Archive for December, 2009

Happy New Years Greetings from The Art of Overeating…

Thursday, December 31st, 2009

A Sumo knows how to overeat.  It makes him big and strong.  Happy New Year!


And coming in 2010:

“The Opposite Diet”

from Leslie Landis and The Art of Overeating

Food Is Love.

Friday, December 11th, 2009

The holidays are here, and with them, family, friends, and food.  There couldn’t be a better time to elaborate on a point made in The Art Of Overeating, “Food Is Love.”  That concept is really what inspired me to write the book.

I’ve always believed that food and love are intertwined.  Food is one of the most popular ways in which we express how much we care about someone.  Our very first taste, after all, is mother’s milk.

Then, growing up, we are encouraged to have second helpings of “love” in the form of more pot roast, an extra helping of creamed spinach, another dollop of potatoes au gratin.  Women are told, “The way to a man’s heart is through his stomach.”

My husband Martin, to whom The Art Of Overeating is dedicated, is a world-class overeater.  He was an only child raised in a food-loving family.  Every Sunday night, his mother asked him to write down his “wish-list” of menus for the coming week.  She made it all for him.

Trained by the best, he became a champion.  I thought his overeating exploits were so amazing, that I began to write them down.  Compiled together, the book was born.

Since The Art Of Overeating is more about universal truths than any particular person or occasion, the stories about Martin aren’t spelled out…so I thought I’d share a few with you now:

  • Once, we went on a cruise with my parents.  Every night, Martin ordered and ate all five of the available entrees.  Finally, my dad—who worried about how Martin’s overeating would affect his health—asked him to please just have one dish.  Martin agreed.  Unbeknownst to us, he spoke to the waiter before dinner that evening.  When we sat down to eat, the waiter brought Martin all five entrees—on one very large dish.
  • Martin once asked me to help him lose weight by telling him when I thought he was eating too much.  The next time we went out to eat, he ordered—as usual—two dinners.  I pointed this out to him, but he argued that it was okay because he wasn’t going to eat all the vegetables.
  • Martin looks in the refrigerator every 5 minutes.  I asked him why he does that since there is no more food in there than 5 minutes before.  He said he just likes to look!
  • The supermarket is Martin’s favorite store.  He loves to go grocery shopping.  He piles his cart high with food—no paper towels or laundry detergent for him.  When he is finished, he always tells me that he has enough food to last for the whole week.  By the next day, he has eaten everything.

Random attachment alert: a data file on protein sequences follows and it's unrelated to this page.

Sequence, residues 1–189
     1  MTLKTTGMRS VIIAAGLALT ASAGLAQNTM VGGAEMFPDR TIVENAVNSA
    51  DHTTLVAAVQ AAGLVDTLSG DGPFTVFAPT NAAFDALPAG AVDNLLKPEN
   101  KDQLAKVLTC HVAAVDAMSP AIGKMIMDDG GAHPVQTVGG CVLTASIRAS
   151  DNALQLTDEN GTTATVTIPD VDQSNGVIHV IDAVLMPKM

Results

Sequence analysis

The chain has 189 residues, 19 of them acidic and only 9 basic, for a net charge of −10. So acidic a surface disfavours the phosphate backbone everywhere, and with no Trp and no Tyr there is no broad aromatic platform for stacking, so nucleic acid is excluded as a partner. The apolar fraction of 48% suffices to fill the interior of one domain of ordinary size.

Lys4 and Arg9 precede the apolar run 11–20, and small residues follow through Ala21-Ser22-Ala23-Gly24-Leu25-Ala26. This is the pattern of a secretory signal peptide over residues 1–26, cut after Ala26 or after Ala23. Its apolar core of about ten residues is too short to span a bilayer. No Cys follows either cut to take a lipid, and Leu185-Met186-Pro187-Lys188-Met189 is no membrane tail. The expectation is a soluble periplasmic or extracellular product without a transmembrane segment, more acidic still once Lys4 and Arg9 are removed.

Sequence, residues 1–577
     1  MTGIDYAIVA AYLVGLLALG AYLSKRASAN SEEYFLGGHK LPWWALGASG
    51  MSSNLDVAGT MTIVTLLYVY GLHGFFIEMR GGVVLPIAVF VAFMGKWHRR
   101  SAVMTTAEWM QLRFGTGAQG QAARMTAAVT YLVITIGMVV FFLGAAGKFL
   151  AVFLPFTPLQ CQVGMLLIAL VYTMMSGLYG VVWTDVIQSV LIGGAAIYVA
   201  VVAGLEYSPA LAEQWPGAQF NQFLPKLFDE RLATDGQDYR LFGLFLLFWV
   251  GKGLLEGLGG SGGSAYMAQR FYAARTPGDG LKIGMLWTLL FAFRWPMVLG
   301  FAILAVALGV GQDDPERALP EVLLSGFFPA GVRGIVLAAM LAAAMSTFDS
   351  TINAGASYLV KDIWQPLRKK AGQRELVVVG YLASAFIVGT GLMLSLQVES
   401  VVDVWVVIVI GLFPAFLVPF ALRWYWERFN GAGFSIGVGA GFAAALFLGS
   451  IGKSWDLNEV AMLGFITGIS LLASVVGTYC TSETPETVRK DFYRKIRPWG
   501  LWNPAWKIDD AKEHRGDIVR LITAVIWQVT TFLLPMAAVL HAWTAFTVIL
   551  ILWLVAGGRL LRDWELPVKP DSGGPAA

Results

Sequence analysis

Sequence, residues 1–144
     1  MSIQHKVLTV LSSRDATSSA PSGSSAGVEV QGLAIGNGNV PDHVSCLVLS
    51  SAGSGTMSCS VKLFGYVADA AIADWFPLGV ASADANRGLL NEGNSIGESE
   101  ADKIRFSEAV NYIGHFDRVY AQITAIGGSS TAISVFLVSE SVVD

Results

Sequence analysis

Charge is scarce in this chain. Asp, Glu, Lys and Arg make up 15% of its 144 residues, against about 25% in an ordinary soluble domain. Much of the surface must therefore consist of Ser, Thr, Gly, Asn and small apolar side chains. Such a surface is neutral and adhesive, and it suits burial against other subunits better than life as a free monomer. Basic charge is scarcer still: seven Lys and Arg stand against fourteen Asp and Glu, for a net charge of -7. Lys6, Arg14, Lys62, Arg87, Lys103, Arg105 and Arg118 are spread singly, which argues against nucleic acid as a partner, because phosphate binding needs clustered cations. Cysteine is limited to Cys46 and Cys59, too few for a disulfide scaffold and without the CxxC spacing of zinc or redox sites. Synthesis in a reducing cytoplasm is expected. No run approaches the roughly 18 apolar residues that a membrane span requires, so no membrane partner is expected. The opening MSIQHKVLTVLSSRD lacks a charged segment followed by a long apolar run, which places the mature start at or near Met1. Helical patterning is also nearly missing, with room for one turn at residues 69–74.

• I am forced to put my name on certain foods or they won’t be there when I want to eat them.  Living with Martin is like living with an office staff.
  • I constantly give Martin articles about the right way to eat and how doing so will increase his life span.  I’m always reading food labels to him.  Sometimes I throw out the unhealthy food he bought and tell him it went bad.  Nothing I do deters him.  One time, I put scary words—death, insanity, sugar-shock—on candy bars he’d just gotten.  I found a pile of candy wrappers, with the words still stuck on them, all around his TV chair.

Like many people, Martin yo-yos between overeating and dieting.  Right now, he is in his diet phase because he doesn’t want to be the poster boy for my book!  We’ll see how long that lasts.

Well, have to run right now—there’s some holiday cookies I need to go write my name on!

Until next time,

Happy holiday dining,

Leslie Landis

“How to look like a noodle when you eat like an elephant!”

Friday, December 4th, 2009


It has been fun getting notes from readers and friends about The Art Of Overeating since it was published last month.  Tipping the scale on overeating is such a universal indulgence—I had a feeling that most people would see a bit of themselves somewhere in the humor and have a good laugh.  I’m happy that seems to be the case.

Just the other day, an old friend wrote, “I have been very suspicious of you—have you been peeping at me through the peep-hole?  Because you drew a perfect image of ME! It’s making me very conscious of even looking at food, not to mention that I’ll never be able to binge again! You destroyed my life.”

I know she’s kidding, but she really “got” the book and that was great.  She also wrote:  “Leslie, I guess people that don’t know you will be shocked to realize that, in spite of having that voracious appetite, you are able to keep that spaghetti figure. May I suggest that as the theme for your next book: How to look like a noodle when you eat like an elephant?”

Maybe not a whole book, but definitely a future blog post.  What really made me laugh about it, though, is that when I was a gawky teenager, I read that Sophia Loren attributed her amazing body to eating spaghetti.  So, for years, I ate tons of spaghetti—but all that happened was that my figured looked like a spaghetti noodle.

Buon appetito until next time,

Leslie Landis